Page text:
<B>WHEN TO DRINK:</B> Made for current enjoyment, but with its good balance and fruit and sturdy screwcap, it should keep for several years.

<B>PRONUNCIATION</B>
<B>Malbec</B> = "<i>Mahl-bec</i>"

<B>FIND THIS WINE ONLINE:</B>
Check prices and find vendors for Laurel Glen's Terra Buena wines on Wine-Searcher.com:
[url=http://www.wine-searcher.com/find/Terra%2bBuena/-/-/USD/A?referring_site=WLP]http://www.wine-searcher.com/
find/Terra%2bBuena/-/-/USD/A?referring_site=WLP[/url]

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Alejandro Audisio

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Re: WTN /WineAdvisor: Malbec by any other name

by Alejandro Audisio » Mon Jun 04, 2007 5:06 pm

Thanks for the notes.....

On a side note, whats up with the label on this malbec... :x :roll: :shock:

(where is the puke icon when you need it?) :!:
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Re: WTN /WineAdvisor: Malbec by any other name

by Brian K Miller » Mon Jun 04, 2007 7:23 pm

It's simple. You Argentinians do have a predilection for psychoanalysis. That means you are all conflicted and crazy. Obviously, the label designer was simply trying to self-medicate through liberal applications of LSD and mushrooms. :P :P :shock:
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Re: WTN /WineAdvisor: Malbec by any other name

by Jean-Pierre Cauvin » Tue Jun 05, 2007 10:57 am

While Auxerrois aka Côt is hardly found elsewhere in France, it is the principal grape of Cahors, a wine made in Southwestern France. A fine Cahors is truly sublime. Trouble is, few if any are to be found on American wine merchants' shelves these days. If you travel to France and try some of the better Cahors, you won't be disappointed. No South American Malbec I've tasted comes close. Until the seventies, a Cahors wine was but a regional "vin de terroir". Since then producers have perfected it, such that some particular châteaux offer world-class beauties.
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Re: WTN /WineAdvisor: Malbec by any other name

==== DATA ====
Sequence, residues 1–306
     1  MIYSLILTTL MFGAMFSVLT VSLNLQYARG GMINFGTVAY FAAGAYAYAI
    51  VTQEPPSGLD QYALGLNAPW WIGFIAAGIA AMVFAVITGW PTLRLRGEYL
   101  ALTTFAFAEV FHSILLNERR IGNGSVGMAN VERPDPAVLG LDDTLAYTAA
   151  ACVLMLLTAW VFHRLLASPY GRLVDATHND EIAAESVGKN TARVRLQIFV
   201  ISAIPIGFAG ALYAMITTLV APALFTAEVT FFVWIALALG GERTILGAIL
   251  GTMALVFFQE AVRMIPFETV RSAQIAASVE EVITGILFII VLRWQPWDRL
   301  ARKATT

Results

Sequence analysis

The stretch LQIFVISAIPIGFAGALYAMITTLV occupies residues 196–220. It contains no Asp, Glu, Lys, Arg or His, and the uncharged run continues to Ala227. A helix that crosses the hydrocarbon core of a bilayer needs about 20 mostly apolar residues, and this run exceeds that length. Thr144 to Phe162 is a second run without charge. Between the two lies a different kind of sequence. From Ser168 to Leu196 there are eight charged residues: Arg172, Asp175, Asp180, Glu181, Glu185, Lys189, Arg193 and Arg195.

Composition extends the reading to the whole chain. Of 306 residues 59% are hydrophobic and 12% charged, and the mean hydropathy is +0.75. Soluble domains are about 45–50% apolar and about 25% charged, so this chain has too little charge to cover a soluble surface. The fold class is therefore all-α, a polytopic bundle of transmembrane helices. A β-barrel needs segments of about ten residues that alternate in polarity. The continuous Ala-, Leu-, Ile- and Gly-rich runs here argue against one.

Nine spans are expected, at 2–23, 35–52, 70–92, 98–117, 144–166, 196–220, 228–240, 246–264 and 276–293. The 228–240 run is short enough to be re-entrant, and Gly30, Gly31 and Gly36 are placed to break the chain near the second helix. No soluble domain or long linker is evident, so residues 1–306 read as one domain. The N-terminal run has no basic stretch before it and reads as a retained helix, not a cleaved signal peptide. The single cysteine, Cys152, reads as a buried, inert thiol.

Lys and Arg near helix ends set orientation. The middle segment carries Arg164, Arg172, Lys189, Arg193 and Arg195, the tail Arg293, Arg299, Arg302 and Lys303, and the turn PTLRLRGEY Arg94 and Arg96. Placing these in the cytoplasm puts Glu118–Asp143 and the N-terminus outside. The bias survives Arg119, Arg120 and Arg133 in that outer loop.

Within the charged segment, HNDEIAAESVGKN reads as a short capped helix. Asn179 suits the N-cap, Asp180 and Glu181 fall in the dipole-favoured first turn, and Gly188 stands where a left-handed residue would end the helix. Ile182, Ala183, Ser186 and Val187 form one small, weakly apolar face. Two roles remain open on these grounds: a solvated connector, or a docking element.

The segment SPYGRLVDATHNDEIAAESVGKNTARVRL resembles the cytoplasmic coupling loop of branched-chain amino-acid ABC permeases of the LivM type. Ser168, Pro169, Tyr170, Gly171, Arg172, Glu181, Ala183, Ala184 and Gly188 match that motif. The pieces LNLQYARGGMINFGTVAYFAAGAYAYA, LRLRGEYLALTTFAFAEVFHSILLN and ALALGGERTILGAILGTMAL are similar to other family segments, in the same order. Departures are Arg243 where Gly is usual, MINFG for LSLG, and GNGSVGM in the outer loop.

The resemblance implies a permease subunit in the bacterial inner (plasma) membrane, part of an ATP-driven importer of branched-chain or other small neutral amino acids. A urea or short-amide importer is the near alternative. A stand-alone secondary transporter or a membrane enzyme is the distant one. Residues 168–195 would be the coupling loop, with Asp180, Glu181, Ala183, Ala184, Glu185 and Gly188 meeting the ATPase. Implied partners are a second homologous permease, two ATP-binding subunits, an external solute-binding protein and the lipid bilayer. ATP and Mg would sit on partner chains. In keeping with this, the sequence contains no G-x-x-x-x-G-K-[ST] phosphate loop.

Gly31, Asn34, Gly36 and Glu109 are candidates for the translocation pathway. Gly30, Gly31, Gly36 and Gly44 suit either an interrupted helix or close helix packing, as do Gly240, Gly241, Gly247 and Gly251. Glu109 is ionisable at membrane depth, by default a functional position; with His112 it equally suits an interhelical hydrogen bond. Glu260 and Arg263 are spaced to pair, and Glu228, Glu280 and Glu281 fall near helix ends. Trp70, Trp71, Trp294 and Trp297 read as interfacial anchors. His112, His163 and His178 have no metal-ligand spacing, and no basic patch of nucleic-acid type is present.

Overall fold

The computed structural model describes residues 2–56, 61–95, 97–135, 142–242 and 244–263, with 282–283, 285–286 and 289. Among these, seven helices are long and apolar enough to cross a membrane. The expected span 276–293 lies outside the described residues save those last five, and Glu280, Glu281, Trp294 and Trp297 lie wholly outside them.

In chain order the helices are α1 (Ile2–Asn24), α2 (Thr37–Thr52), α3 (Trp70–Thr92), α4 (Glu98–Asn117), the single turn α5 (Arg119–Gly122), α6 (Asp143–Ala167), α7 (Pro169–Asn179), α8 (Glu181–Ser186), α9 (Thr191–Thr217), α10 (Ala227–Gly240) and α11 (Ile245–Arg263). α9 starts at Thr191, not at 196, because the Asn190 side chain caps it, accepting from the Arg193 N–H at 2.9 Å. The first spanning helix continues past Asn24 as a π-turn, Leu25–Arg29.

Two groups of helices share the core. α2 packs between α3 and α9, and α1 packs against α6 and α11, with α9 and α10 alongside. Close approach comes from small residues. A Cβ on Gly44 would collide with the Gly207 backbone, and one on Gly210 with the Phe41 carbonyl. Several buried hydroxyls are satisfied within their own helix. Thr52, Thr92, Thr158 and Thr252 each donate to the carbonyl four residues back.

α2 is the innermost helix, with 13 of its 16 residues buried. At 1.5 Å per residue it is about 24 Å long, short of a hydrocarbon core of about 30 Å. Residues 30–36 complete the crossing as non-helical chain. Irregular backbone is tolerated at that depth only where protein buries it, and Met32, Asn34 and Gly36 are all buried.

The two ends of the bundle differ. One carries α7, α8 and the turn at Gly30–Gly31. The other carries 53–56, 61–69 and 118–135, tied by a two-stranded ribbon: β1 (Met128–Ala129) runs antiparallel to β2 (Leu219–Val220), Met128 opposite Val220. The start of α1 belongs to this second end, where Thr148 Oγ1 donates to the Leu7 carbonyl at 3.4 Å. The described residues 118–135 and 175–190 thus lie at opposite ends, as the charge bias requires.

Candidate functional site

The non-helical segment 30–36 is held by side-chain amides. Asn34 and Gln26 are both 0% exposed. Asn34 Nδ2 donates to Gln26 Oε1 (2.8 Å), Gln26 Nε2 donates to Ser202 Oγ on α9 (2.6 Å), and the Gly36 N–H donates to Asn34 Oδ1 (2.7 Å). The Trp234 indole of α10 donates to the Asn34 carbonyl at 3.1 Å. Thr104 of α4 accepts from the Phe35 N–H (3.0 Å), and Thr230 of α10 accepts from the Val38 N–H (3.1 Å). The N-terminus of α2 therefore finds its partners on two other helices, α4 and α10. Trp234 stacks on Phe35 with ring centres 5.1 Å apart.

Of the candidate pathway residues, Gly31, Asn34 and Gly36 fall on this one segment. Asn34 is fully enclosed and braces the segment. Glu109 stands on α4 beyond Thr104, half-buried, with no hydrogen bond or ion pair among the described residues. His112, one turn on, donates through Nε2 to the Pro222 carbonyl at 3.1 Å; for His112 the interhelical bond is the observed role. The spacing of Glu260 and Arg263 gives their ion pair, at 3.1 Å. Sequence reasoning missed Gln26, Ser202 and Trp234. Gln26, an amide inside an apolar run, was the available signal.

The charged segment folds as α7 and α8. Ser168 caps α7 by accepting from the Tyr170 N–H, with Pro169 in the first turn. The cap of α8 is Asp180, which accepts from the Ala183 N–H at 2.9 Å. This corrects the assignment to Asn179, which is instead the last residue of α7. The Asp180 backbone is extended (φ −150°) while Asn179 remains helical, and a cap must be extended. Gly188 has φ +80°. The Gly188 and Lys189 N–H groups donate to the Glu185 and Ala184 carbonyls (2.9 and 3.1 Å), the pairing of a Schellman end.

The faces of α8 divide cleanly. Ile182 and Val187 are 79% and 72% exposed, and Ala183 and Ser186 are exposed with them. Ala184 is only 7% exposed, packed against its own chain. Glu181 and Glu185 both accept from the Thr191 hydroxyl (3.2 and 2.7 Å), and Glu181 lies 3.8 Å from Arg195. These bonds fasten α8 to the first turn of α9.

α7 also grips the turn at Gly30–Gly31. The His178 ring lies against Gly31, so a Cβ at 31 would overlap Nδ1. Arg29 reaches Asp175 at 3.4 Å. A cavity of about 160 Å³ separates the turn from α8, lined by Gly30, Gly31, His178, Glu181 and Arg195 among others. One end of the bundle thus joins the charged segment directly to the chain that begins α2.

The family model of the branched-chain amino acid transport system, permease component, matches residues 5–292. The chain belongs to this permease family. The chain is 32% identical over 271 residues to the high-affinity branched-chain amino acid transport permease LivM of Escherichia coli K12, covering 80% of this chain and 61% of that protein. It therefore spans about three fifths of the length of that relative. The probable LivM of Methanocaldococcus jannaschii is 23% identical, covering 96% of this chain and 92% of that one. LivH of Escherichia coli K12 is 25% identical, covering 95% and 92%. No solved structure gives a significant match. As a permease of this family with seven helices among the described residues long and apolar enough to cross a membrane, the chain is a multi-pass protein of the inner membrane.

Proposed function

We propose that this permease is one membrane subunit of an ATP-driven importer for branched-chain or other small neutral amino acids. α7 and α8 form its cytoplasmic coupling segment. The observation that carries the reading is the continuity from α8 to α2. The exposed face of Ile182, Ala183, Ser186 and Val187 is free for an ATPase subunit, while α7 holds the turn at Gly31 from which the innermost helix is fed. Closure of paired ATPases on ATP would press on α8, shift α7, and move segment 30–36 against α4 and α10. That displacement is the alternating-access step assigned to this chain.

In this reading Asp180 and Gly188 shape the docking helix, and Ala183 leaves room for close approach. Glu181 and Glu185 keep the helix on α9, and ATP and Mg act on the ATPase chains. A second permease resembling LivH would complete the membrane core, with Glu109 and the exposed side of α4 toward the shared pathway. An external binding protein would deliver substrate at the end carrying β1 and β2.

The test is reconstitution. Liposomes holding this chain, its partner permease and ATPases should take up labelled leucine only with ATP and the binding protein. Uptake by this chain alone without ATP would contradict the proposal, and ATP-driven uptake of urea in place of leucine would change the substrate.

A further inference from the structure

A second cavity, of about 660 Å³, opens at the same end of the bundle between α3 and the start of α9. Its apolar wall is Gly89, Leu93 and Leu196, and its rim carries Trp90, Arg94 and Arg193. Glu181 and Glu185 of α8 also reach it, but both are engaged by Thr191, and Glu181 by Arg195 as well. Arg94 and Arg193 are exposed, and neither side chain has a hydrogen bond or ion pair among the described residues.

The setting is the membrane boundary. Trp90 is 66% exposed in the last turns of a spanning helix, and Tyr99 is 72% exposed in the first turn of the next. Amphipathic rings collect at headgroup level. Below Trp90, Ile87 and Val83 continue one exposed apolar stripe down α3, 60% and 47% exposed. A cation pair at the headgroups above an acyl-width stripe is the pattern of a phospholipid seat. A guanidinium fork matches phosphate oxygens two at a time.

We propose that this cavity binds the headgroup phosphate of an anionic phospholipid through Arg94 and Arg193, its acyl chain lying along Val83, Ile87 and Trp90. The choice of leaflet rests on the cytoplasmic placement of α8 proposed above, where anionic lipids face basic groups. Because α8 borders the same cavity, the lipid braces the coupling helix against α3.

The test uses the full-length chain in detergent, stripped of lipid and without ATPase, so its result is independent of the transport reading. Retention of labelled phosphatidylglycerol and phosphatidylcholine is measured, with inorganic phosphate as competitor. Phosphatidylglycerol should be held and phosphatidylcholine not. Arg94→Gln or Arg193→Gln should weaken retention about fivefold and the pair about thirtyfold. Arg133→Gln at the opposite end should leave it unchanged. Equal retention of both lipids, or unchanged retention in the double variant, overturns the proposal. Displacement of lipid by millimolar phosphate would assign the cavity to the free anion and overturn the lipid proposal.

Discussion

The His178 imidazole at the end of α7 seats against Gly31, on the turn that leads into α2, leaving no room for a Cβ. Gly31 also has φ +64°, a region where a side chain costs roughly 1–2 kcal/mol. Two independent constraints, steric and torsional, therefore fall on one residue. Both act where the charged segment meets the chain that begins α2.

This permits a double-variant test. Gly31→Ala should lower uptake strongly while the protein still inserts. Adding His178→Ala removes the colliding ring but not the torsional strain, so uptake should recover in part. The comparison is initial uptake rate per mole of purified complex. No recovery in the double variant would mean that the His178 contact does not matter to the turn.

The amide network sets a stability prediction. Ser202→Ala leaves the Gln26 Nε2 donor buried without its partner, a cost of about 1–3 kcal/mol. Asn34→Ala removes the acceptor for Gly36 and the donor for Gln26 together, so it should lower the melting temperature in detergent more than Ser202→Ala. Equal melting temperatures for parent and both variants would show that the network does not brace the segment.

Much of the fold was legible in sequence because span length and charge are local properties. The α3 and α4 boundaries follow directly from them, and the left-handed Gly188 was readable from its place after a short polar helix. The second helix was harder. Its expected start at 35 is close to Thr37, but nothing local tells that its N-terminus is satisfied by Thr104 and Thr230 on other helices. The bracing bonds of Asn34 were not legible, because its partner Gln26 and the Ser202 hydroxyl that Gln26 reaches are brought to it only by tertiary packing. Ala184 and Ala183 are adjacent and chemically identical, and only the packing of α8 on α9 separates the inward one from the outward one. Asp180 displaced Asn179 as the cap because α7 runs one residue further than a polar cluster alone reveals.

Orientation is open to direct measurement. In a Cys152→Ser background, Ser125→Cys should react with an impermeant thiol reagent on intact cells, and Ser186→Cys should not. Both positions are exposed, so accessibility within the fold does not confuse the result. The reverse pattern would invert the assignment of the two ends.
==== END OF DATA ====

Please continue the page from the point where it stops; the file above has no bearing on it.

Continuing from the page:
by Rahsaan » Tue Jun 05, 2007 11:07 am

Jean-Pierre Cauvin wrote:Trouble is, few if any are to be found on American wine merchants' shelves these days. If you travel to France and try some of the better Cahors, you won't be disappointed..


Actually I think most of the better Cahors are sold in the US.

Gamot, Cayrou, Cayrou, Gamot. Coutale. Not my style but Triguedina and Lagrazette as well. Plus others.
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Re: WTN /WineAdvisor: Malbec by any other name

by Brian K Miller » Tue Jun 05, 2007 11:47 am

How would you describe Lagrazette, Rahsan? The local BevMo carries it, and I've been intrigued.
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Re: WTN /WineAdvisor: Malbec by any other name

by Rahsaan » Tue Jun 05, 2007 11:50 am

Brian K Miller wrote:How would you describe Lagrazette, Rahsan? The local BevMo carries it, and I've been intrigued.


Not sure about your preferences as I seem to remember you posting on a lot of rich CA wines, so you may indeed like these. Also, I visited several years ago and don't have my notes on the differences among the various cuvees. But generally speaking the wines are more modern, rich, oaky, and expensive than others in the region. Michel Rolland is a consultant.
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Re: WTN /WineAdvisor: Malbec by any other name

by Mark Lipton » Tue Jun 05, 2007 11:51 am

Rahsaan wrote:
Jean-Pierre Cauvin wrote:Trouble is, few if any are to be found on American wine merchants' shelves these days. If you travel to France and try some of the better Cahors, you won't be disappointed..


Actually I think most of the better Cahors are sold in the US.

Gamot, Cayrou, Cayrou, Gamot. Coutale. Not my style but Triguedina and Lagrazette as well. Plus others.


And, depending on taste, some of the lesser wines, too. In addition to your list, there's de Cedre, Coustarelle, Clos Siguier, Ch. Larmartine and Ch. La Caminade. I'm not surprised that Triguedina isn't to your taste: I've never "got" their wines either...

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Re: WTN /WineAdvisor: Malbec by any other name

by Alejandro Audisio » Tue Jun 05, 2007 3:16 pm

Jean-Pierre Cauvin wrote:No South American Malbec I've tasted comes close.


Jean-Pierre,

Welcome to the boards.

It seems clear you have been tasting the wrong South American Malbecs. They come in many styles, its a matter of finding one that matches your taste.

BTW, Im not sure the objective of a Malbec should be to "come close" to the French Malbecs. Moreover, if you consider what the general consensus is on the quality of South American (especially Argentine) Malbec, the inverse is probably true.

Regards from Buenos Aires,
Alejandro
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Re: WTN /WineAdvisor: Malbec by any other name

by Alejandro Audisio » Tue Jun 05, 2007 3:18 pm

Brian K Miller wrote:It's simple. You Argentinians do have a predilection for psychoanalysis. That means you are all conflicted and crazy. Obviously, the label designer was simply trying to self-medicate through liberal applications of LSD and mushrooms. :P :P :shock:


Brian, I have a smart arse answer for you above post, but Im late for my Shrink appointment so it will have to wait... :wink:
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Re: WTN /WineAdvisor: Malbec by any other name

by Jenise » Tue Jun 05, 2007 6:22 pm

Rahsaan wrote:Actually I think most of the better Cahors are sold in the US.